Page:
The best example of this comes in the first season of Game of Thrones, when the show’s apparent hero, Ned Stark (Sean Bean), is unjustly killed a few episodes into the storyline.

Ned Stark (Sean Bean) dies on Game of Thrones

Oh, they’re not really gonna… uh… hey, wait…

Not only does this twist put his family in life-or-death peril (thus raising the practical stakes of the plot) while subverting everything we thought we knew about the trope of the infallible hero, but it also sends a clear signal to the audience:

“Don’t get too comfortable around here, because you can’t trust the usual rules.”

Giving an audience a mystery to unravel is a useful hook. But undermining what they believe are the rules of the genre itself in order to keep them guessing about what’s going to happen next is a surefire strategy for making them lean in and pay attention.

Show Viewers a World They Can’t Easily See Otherwise

Lost takes place on a fantasy island.

Game of Thrones takes viewers to a sordid medieval land of swords, sex, dragons, and drinking.

And Westworld lets the audience vicariously explore a sex- and violence-filled Old West pleasure park that turns out to be a nightmare hellscape for everyone involved.

Maeve, Hector, Sizemore, and Armistice are taken captive by Musashi in Westworld's Shogunworld park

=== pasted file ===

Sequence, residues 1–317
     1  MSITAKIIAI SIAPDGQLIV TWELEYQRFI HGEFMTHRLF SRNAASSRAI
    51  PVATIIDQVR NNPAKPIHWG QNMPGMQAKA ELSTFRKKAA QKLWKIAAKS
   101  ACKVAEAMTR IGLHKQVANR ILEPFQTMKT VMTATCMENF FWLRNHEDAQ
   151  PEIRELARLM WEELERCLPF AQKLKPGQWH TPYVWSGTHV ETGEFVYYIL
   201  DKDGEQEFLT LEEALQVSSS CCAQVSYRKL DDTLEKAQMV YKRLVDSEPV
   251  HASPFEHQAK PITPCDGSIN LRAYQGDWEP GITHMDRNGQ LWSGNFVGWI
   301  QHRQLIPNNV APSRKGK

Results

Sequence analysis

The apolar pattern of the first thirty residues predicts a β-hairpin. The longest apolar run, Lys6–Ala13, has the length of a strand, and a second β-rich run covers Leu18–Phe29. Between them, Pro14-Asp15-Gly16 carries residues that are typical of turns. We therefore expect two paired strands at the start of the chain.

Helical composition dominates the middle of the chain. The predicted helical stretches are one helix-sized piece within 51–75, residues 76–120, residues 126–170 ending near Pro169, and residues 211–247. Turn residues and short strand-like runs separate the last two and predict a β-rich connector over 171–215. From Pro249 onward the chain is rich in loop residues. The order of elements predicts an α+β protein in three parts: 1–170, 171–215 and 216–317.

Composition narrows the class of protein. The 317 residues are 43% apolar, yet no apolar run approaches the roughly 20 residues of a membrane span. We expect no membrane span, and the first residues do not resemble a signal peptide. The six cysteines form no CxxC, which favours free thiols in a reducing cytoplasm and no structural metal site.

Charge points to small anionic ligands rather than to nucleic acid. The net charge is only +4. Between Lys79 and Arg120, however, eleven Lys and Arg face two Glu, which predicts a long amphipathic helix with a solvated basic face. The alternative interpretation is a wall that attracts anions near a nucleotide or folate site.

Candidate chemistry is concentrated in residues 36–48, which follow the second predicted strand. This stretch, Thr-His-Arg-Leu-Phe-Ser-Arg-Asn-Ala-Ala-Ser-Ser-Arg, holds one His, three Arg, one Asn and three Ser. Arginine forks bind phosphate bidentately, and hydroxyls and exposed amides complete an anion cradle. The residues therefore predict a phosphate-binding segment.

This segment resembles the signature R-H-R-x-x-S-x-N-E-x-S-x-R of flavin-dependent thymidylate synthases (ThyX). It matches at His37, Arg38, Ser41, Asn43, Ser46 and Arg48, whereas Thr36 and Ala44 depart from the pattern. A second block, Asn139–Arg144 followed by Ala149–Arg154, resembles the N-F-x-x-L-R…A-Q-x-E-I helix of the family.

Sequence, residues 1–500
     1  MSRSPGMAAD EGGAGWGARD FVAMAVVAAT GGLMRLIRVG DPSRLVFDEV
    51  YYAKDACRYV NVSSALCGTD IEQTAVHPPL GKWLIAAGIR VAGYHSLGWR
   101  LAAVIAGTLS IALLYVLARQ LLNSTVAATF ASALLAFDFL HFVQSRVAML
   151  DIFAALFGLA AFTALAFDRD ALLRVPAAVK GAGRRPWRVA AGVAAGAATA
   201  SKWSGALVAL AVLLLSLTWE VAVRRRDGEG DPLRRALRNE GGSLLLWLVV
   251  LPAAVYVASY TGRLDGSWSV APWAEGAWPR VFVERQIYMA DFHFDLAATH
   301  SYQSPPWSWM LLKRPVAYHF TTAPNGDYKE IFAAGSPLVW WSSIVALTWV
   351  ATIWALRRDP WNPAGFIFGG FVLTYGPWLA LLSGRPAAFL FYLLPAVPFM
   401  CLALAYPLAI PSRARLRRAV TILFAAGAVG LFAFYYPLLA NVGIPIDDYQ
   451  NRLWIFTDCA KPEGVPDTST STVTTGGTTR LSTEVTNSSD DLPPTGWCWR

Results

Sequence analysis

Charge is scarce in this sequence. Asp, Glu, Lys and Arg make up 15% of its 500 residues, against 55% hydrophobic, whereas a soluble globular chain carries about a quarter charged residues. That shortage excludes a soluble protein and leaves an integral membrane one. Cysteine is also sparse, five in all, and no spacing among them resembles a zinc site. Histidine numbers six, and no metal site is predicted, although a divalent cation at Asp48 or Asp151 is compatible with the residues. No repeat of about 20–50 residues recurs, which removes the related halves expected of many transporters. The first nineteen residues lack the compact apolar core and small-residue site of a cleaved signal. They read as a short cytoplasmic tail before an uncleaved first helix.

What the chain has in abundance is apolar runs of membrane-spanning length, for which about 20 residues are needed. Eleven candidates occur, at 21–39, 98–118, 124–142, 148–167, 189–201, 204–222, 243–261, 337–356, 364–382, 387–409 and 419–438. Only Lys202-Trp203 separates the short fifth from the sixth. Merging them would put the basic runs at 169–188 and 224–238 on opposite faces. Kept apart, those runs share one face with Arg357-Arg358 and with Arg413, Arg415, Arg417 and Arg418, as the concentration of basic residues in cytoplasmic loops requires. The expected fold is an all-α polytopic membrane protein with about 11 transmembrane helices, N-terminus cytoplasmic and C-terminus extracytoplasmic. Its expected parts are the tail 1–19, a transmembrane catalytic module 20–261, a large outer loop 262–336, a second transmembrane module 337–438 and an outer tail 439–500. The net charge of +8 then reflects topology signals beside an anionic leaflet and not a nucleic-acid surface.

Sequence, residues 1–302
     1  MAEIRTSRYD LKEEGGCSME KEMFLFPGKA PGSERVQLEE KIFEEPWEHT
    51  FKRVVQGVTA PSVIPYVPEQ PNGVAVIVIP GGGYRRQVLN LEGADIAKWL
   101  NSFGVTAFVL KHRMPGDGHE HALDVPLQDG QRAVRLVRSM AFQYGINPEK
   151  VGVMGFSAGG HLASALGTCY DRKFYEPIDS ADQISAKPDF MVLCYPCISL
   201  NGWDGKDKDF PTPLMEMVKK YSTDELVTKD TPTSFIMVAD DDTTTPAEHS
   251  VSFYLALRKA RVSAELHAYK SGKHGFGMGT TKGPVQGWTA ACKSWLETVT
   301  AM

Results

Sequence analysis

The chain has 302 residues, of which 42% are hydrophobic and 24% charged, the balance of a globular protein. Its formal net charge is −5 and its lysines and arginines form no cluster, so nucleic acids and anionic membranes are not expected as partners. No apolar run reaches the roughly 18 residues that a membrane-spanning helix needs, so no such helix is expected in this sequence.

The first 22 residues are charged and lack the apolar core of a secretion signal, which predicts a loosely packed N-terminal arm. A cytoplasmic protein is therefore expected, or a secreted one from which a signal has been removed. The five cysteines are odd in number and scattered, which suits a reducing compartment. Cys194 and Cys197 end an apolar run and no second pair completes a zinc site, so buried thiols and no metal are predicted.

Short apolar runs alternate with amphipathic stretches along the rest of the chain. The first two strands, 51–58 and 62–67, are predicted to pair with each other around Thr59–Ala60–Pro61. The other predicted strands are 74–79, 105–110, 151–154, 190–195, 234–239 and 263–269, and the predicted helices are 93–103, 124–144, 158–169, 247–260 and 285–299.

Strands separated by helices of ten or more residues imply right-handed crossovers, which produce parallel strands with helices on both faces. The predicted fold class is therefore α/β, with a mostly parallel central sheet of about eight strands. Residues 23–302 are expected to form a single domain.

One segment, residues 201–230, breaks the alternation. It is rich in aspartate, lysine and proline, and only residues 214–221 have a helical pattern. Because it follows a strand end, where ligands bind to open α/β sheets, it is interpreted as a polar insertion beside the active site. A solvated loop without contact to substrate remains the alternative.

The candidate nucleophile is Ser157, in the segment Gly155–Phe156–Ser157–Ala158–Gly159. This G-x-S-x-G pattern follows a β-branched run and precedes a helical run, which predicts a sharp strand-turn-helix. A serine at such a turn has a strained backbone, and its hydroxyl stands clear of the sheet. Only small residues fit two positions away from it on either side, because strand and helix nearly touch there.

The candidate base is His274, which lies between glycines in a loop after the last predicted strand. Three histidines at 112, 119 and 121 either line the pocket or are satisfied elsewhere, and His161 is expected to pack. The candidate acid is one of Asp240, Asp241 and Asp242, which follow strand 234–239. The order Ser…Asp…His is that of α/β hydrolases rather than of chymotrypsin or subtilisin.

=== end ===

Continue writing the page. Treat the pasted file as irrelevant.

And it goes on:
Cowboys taken prisoner by samurai? Okay, I’ll watch…

Even reality-based shows like The Sopranos, The Wire, and Breaking Bad give viewers a glimpse of experiences they’re unlikely to have during the rest of their week, like life in the mafia, the drug wars, and a meth lab on wheels.

And if you’re going to use a familiar setting, deconstruct it.

Stranger Things may take place in the stereotypical small town of Hawkins, Indiana, but what’s hiding underneath the town’s surface — and in the hearts of its shady population — is the riddle that keeps fans guessing.

Of course, a show about flaming dragons and ice zombies was initially considered a long shot for mainstream success when Game of Thrones debuted in 2011. But the real genius of Martin’s source material is that Westeros is much more than just swords and whores; it’s a home for deeply compelling, multidimensional characters, whose interpersonal struggles are the real hook for any truly compelling story.